Linked by David Adams on Tue 3rd Aug 2010 16:05 UTC, submitted by sjvn
Linux As we mentioned in a previous article, Red Hat advocate Greg DeKoenigsberg claimed that due to the much larger amount of code it's contributed, Red Hat is a better open source citizen than Canonical, adding, "Canonical is a marketing organization masquerading as an engineering organization." A Computerworld blog retorts that that's no insult; and that marketing Linux could be just as important to the cause as contributing code. Updated
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RE[3]: Ubuntu
by danieldk on Tue 3rd Aug 2010 20:46 UTC in reply to "RE[2]: Ubuntu"
danieldk
Member since:
2005-11-18

Common, lots of people were using S.u.S.E. (old spelling intended) happily since the end of the nineties. The Ubuntu installer and administration tools looked pale compared to what Libranet 3 provided. And, let's not forget about Mandrake/Mandriva, who have always focused aggressively on an easy to use desktop.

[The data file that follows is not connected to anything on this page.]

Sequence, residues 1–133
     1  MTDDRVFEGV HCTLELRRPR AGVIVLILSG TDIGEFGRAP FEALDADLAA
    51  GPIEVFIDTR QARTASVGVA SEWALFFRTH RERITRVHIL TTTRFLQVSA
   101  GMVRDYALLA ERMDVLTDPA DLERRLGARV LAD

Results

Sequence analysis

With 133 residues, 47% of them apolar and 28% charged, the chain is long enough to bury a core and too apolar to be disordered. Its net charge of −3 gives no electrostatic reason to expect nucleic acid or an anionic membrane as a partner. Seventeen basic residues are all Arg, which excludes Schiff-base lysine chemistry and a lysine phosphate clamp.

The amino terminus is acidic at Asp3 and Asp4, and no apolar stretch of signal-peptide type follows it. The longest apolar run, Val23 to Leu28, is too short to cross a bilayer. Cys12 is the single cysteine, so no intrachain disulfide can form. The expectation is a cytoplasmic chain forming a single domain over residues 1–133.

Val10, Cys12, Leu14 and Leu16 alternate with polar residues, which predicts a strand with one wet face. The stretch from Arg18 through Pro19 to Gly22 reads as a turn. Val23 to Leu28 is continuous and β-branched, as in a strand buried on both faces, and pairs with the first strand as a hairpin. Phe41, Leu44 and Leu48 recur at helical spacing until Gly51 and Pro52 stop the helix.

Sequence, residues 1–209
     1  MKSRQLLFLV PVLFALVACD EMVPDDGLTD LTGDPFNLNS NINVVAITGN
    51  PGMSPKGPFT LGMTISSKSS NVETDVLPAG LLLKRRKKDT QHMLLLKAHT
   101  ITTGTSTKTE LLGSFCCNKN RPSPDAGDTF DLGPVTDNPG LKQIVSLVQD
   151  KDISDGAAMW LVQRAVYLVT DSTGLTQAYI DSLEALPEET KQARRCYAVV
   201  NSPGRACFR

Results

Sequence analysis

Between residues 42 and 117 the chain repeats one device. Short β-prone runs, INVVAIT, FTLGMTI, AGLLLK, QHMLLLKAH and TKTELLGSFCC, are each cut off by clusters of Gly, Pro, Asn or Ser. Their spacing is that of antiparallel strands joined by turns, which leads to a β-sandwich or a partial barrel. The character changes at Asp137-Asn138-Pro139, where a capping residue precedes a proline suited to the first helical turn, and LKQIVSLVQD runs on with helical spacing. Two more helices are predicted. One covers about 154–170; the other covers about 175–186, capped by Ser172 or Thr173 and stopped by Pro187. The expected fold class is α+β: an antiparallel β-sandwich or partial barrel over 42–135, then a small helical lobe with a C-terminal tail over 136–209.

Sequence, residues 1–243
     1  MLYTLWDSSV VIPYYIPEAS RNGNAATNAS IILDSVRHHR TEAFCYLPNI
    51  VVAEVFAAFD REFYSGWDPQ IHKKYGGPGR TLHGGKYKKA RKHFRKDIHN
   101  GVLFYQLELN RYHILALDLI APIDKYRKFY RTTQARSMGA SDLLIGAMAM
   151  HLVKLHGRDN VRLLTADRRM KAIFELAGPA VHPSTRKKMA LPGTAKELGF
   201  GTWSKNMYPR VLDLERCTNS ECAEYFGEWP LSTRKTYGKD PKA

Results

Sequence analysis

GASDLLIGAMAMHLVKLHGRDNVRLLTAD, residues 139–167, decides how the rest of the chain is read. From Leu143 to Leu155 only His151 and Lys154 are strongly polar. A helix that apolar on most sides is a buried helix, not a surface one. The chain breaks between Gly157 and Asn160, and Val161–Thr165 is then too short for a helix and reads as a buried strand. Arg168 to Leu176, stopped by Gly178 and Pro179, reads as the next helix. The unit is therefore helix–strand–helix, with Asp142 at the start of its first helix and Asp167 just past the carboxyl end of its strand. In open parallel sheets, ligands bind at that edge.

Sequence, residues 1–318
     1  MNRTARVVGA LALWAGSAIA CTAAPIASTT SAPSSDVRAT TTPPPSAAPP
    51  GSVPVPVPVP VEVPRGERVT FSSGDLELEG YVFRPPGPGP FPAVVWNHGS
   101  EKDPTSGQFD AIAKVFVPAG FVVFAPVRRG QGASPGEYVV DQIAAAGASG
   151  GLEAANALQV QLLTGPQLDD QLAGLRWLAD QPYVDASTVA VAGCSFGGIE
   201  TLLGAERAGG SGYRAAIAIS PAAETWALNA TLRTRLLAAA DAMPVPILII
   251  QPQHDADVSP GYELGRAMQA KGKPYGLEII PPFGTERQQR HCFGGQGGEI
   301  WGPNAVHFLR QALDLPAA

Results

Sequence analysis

SUSE (in every incarnation) contributed *a lot* to the Linux kernel and userland. Ubuntu stole the limelight to some extend from SUSE and Mandrake, but only contributes upstream marginally. Red Hat is excluded intentionally, since it committed its own desktop suicide (due to low margins). Fedora is nice, but not for the average user.

I have always found Ubuntu average (hardware support is good, but there are often regressions between releases). And it is worrisome, that there are so few popular distributions left that contribute significantly to the ecosystem.

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